Xbox Mini?

Nostalgia for past consoles appear to be at an all time high with Nintendo’s licence to print money: the SNES Classic. Coming a year after the NES Classic, the recently released 16 bit bundle of goodness has flown off shelves. A like minded Gameboy Classic or PlayStation Classic should be expected over the next few years; but what about Xbox?

Entering the console space near the start of the millennium, Microsoft doesn’t quite have the rich history its competitors do. What they do have though is the roadmap for what the next generation of consoles will look like. The iterative Xbox One X will either be the true beginning of the end of distinctive console generations akin to mobile phone updates or it will be the Xbox One 32X: repeating SEGA’s expensive mistake it the 90s. What Microsoft do offer – to a greater extent than Sony or Nintendo – is choice: the vanilla Xbox One, Xbox One S and the X. With production of the original console ending, a new third pillar should be expected. Could this be Microsoft’s answer to a ‘classic’ or ‘mini’ console? Let me explain…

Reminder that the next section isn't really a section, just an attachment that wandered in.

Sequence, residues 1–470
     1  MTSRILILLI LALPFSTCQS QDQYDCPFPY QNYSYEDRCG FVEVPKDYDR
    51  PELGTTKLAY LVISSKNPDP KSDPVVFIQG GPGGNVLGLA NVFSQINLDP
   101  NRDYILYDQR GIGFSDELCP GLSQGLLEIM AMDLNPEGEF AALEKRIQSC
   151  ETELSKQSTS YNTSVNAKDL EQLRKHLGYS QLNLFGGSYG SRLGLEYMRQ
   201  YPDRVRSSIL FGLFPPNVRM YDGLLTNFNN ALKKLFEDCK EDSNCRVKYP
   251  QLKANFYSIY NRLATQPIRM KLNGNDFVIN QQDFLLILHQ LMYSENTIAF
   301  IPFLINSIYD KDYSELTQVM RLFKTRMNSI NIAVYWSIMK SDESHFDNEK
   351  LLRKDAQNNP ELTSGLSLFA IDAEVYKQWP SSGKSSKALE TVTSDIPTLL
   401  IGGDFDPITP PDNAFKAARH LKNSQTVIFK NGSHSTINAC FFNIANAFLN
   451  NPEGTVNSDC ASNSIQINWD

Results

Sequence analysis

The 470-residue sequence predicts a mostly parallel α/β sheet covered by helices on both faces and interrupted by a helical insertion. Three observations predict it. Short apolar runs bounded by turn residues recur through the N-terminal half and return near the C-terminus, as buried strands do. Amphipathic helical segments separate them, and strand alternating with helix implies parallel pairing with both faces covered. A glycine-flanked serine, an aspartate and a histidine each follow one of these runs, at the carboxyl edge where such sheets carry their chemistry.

Since the 360 days, there have been rumblings of a discless Xbox. This may finally be a reality. Imagine if you will, a smaller, streamlined Xbox One: HD – no 4k, 500gb hard drive and packaged with some classic games. The Xbox One will soon be compatible with the full lineage of Xbox games from the original Xbox 1 to the modern Xbox One. This would enable the One family to be its own retro machine – if you want it to be. One of the biggest criticisms of the Nintendo classics has been the lack of expansion: further downloadable titles would have been another money maker for Nintendo. 

Xbox One C? Xbox One Mini? Xbox One TV? Whatever it would be called, a cheaper (£150?) Xbox One might just be the best of both worlds. For now, Sony and Microsoft are ignoring the home/handheld hybrid market (don’t quite believe that…) but the mini market may just be about to explode. We can expect at least one more retro console from Nintendo; time will tell if Microsoft can exploit their unique position and marry the past, present and future together. 

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